Origin of the name "Kalmyk"

This map from Sebastian Muenster's Cosmographia is one of the earliest references to Kalmyks in Western European historical sources.

"Kalmyk" is a word of Turkic origin meaning "remnant" or "to remain." Turkish tribes may have used this name as early as the thirteenth century. The Arab geographer Ibn al-Wardi is documented as the first person to refer to the Oirats as “Kalmyks” sometime in the fourteenth century1. The khojas of Khasgaria applied the name to Oirats in the fifteenth century2. Russian written sources mentioned the name "Kolmak Tatars" as early as 1530, and cartographer Sebastian Muenster (1488-1552) circumscribed the territory of the "Kalmuchi" on a map in his Cosmographia, which was published in 1544. The Oirats themselves, however, did not accept the name as their own.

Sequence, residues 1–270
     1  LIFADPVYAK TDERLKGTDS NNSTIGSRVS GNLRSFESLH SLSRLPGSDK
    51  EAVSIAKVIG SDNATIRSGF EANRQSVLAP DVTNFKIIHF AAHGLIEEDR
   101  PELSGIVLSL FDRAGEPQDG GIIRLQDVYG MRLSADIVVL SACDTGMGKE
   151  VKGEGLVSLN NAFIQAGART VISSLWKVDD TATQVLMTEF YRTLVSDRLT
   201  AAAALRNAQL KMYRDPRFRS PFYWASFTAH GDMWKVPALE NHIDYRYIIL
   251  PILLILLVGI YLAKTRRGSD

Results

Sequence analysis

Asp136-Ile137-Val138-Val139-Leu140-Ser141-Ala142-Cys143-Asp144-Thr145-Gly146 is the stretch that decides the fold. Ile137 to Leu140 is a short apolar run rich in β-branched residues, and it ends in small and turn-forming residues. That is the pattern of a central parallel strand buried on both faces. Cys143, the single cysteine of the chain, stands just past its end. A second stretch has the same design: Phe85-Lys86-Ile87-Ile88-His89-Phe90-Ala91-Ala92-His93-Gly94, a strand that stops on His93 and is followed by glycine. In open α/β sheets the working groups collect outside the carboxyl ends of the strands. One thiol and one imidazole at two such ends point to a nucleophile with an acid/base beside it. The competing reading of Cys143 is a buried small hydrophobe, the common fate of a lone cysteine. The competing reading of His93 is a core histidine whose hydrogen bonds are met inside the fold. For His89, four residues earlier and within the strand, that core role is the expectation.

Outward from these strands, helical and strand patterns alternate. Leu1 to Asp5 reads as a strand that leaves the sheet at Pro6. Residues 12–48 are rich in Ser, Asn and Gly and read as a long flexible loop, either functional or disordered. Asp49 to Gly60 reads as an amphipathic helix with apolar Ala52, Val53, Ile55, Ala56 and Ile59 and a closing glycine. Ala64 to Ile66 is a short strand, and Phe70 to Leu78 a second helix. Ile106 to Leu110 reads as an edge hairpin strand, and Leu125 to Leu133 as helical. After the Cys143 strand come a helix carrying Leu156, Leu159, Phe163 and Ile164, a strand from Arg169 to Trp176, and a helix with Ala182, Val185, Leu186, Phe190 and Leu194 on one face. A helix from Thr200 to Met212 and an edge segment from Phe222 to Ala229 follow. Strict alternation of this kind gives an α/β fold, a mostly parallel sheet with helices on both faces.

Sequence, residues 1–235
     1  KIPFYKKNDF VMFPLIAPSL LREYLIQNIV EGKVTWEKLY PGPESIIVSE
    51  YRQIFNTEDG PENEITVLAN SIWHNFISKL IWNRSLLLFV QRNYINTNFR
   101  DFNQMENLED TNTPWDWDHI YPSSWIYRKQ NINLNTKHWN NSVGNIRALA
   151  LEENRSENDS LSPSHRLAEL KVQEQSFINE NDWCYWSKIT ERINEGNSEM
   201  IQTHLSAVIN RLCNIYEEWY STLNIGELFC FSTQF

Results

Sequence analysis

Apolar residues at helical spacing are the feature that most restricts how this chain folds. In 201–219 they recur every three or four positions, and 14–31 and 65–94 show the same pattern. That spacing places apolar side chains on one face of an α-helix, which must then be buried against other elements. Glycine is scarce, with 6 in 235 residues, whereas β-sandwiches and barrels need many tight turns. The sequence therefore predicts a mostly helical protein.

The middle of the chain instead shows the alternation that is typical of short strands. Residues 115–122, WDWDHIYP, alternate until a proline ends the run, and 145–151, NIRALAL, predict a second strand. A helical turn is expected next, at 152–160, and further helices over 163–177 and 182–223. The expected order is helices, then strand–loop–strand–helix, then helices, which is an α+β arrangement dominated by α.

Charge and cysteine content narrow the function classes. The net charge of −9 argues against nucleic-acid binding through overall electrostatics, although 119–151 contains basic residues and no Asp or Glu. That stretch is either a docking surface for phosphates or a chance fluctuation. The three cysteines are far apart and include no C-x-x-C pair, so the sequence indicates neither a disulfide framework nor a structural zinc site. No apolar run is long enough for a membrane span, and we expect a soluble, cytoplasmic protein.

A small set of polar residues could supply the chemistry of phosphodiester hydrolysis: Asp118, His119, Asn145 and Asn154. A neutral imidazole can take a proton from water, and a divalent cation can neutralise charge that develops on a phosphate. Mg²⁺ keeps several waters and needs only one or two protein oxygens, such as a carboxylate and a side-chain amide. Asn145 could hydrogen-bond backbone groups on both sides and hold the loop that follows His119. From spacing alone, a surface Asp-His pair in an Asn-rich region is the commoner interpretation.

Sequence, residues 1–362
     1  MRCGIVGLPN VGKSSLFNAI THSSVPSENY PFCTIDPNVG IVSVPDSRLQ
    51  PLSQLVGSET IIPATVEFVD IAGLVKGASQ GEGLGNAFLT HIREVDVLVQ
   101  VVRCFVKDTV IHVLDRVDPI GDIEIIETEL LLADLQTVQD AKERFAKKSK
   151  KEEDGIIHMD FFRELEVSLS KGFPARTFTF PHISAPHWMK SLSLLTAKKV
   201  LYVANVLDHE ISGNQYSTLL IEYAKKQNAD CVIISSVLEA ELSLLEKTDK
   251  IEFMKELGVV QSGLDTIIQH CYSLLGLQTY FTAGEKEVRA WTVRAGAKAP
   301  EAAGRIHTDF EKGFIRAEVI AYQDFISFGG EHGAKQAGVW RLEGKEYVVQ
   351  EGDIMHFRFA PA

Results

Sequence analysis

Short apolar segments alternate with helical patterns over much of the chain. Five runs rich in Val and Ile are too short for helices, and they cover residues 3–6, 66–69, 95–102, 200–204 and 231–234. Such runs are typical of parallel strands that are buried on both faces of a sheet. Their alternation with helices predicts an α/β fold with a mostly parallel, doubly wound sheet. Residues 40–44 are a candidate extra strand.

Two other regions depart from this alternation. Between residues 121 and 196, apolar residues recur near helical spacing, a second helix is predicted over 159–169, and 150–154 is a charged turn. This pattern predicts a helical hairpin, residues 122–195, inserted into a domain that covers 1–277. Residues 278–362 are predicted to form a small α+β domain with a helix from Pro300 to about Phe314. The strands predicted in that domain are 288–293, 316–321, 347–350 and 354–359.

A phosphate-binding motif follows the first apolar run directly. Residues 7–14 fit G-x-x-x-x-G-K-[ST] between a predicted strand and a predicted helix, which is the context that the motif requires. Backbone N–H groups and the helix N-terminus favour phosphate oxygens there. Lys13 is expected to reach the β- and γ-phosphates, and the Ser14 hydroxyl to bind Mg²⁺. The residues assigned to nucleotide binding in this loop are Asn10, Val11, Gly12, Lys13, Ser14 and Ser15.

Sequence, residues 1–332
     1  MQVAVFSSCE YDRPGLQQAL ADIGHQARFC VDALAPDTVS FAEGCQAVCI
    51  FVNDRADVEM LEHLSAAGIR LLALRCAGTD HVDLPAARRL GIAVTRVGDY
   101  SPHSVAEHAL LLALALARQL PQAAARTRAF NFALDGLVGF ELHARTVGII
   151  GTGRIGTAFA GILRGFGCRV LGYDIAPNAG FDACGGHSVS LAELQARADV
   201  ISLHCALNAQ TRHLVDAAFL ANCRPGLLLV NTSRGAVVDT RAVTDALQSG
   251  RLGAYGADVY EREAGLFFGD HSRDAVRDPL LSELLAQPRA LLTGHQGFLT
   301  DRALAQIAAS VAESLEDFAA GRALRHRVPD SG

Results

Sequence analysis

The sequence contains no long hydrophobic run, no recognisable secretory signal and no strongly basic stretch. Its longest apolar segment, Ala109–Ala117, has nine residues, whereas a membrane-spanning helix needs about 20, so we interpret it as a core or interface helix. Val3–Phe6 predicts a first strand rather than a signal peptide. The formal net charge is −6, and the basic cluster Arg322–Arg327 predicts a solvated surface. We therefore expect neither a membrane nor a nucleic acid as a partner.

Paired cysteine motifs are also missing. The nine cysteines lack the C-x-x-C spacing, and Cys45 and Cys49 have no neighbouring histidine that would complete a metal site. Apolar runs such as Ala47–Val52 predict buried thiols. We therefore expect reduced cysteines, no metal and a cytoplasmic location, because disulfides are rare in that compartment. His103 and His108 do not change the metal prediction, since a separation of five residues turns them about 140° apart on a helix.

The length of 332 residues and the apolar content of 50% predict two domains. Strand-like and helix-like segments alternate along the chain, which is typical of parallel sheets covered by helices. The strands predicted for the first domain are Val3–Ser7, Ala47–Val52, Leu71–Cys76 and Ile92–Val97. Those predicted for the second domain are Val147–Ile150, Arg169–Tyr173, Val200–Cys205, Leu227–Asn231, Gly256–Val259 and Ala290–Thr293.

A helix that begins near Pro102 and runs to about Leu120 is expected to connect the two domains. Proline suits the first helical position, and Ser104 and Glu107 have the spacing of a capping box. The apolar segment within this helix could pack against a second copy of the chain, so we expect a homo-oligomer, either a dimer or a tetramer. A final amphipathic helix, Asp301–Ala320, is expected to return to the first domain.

Many scholars, including the Orientalist Peter Simon Pallas have attempted to trace the etymology of the name Kalmyk. Some have speculated that the name was given to the Oirats in an earlier period when they chose to remain in the Altai region while their Turkic neighbors migrated westward. Others believe the name may reflect the fact that the Kalmyks were the only Buddhists living in a predominantly Muslim region. Still others contend the name was given to those groups that did not return to their ancient homeland in 1771.